Hybrid car are nowhere seen in India. But such cars could soon become the most sought after vehicles. When Japanese car companies have hybrid vehicles in their portfolio, Indian companies too are adopting these technologies for a greener environment.
Hybrid cars work on combination of two or more energy sources required to run the car. The petrol run engine could receive supplementary energy from electricity, bio-fuels, hydrogen or battery power. This supplement energy will help the car run of a specified distance without petrol. Therefore the fuel efficiency increases vastly in these vehicles.
Many countries are providing subsidies to car manufactures to develop such kind of vehicles.
Honda was the first to lead the hybrid car caravan by announcing its intentions and will be launching Honda Civic hybrid in India by this year end. The car was recently showcased at the 9th Auto Expo, in New Delhi.
Though, Indian car manufacturers have shown little interest in these technologies. But off late, Mahindra and Mahindra and Tata Motors have caught up on these technologies.
Tata Motors along with Indian Space Research Organization (ISRO) is developing a hydrogen cars and buses. The scientific expertise will help teach the staff in handling liquid hydrogen. The same fuel is used to propel rockets outside the earth's atmosphere. If the intended hydrogen based car is successful, Tata Motors plans to adopt them in their entire range of vehicles.
Mahindra has already tied up with an Italian design company to develop a range of hybrid vehicles. The SUV manufacturer has focused on developing electric hybrids and bio-diesel variants. The company has entered into an understanding with the Royal Dutch Shell Company for developing hydrogen based passenger cars.
However, hybrid cars have a long route to cover before they reach Indian shores. Hybrid cars are really expensive. While a petrol run Honda Civic costs around Rs 12 lakh, the hybrid would cost nearly Rs 20 lakh. As these cars have to be fitted with newly developed technologies, they will come at a higher cost.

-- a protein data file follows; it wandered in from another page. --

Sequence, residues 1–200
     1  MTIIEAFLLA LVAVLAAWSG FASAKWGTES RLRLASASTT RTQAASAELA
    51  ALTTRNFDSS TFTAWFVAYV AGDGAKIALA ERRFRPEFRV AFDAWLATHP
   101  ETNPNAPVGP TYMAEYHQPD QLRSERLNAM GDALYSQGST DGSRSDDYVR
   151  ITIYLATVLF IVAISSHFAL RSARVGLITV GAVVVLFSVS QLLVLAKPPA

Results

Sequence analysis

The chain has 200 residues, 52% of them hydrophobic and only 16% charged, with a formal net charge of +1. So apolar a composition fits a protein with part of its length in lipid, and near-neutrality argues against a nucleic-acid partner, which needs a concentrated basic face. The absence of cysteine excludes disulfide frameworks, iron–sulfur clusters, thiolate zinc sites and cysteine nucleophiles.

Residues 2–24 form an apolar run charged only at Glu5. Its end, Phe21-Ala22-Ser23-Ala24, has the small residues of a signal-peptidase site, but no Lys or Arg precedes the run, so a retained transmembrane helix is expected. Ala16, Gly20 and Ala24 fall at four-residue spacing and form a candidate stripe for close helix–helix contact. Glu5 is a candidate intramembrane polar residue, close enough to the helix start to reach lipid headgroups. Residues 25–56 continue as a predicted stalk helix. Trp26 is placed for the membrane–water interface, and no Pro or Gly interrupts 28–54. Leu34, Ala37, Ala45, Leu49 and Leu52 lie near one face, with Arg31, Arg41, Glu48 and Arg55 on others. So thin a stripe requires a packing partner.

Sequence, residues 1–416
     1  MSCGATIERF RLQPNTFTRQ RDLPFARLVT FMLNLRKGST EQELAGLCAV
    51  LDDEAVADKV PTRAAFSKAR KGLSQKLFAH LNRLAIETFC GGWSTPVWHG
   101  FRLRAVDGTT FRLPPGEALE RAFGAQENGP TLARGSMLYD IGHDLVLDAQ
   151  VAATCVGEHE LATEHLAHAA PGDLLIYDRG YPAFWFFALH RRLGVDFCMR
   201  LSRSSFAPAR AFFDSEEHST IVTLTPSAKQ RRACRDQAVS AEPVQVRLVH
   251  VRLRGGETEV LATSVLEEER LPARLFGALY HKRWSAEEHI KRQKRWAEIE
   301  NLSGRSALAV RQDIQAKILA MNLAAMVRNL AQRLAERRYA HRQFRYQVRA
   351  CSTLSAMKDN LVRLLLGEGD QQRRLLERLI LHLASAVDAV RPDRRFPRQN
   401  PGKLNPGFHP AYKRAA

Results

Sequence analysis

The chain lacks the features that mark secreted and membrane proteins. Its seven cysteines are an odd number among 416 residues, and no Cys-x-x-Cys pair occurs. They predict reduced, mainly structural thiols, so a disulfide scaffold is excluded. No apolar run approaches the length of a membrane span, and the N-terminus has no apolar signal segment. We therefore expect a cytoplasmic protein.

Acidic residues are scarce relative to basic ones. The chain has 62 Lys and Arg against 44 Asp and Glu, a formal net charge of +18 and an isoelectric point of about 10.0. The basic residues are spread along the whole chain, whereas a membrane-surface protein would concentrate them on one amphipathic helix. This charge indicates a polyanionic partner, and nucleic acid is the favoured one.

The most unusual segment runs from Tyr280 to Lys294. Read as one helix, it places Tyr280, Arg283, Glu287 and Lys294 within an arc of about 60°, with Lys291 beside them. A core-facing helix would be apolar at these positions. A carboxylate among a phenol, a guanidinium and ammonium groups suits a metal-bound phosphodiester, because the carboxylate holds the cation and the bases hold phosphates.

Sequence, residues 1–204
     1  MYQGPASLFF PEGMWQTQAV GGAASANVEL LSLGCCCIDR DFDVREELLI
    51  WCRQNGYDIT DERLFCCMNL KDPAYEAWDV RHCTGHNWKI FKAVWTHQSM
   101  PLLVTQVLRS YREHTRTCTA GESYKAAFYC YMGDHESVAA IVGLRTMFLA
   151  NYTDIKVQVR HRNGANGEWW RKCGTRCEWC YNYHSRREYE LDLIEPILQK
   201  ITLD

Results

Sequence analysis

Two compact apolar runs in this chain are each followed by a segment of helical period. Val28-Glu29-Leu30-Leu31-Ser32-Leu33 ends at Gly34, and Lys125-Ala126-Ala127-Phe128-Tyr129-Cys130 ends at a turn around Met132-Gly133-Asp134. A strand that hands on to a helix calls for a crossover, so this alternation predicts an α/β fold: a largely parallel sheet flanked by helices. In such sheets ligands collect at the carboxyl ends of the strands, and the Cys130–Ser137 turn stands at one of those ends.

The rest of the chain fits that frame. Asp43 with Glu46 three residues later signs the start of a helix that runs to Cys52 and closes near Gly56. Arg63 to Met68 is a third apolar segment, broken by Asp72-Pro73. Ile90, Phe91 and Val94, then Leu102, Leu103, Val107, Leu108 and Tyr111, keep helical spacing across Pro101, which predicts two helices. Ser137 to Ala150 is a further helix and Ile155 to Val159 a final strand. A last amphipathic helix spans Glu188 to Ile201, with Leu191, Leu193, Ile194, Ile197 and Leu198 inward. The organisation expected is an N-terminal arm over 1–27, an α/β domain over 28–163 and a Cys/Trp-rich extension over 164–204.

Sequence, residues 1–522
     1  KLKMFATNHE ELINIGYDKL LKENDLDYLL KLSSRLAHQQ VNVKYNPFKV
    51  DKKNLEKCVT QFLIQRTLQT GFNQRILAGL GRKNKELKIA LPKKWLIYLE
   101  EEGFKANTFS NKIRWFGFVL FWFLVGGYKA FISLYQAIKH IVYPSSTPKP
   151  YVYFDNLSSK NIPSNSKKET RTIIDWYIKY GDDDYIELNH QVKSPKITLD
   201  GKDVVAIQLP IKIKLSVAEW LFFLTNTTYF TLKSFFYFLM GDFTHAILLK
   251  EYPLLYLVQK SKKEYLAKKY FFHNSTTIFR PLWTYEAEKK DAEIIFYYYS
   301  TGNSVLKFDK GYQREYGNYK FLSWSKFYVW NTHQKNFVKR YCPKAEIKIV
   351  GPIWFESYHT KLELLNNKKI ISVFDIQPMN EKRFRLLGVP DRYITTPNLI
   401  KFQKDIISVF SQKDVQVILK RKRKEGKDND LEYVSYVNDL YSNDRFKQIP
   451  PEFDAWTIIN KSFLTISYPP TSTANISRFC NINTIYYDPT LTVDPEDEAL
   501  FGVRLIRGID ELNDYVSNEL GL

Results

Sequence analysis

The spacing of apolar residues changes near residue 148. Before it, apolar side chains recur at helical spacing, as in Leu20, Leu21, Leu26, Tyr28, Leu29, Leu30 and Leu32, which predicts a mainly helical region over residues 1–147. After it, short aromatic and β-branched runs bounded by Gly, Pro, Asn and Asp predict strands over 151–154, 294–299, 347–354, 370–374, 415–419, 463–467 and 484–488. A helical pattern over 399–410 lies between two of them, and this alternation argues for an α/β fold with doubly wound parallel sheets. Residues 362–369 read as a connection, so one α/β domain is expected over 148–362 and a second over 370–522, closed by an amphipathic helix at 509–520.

Analysts opine that the Indian market is not yet ready to receive hybrid cars. The most common form of green vehicles is the auto rickshaw, which source energy from CNG or LPG kits.
The offer of CNG and LPG run vehicles by several car manufacturers did not interest the vast population. The people complained of lack of infrastructure facilities as the main cause for not choosing these vehicles. In fact if the hybrids do enter India, they will have to have proper re-fuelling facilities at regular distances.
Environmental concerns and crude oil deficit will govern the future government policies. Even as cheaper vehicles, like the Tata Nano and Bajaj Lite, are being launched, it remains to be seen whether government will give a thrust to hybrid technologies.
Meanwhile, the car manufacturing companies have been asking the government to provide subsidy for hybrid vehicles, so that costs reduce and make the hybrids more price competitive in the market. With hybrid cars in India, we can create a green revolution in India.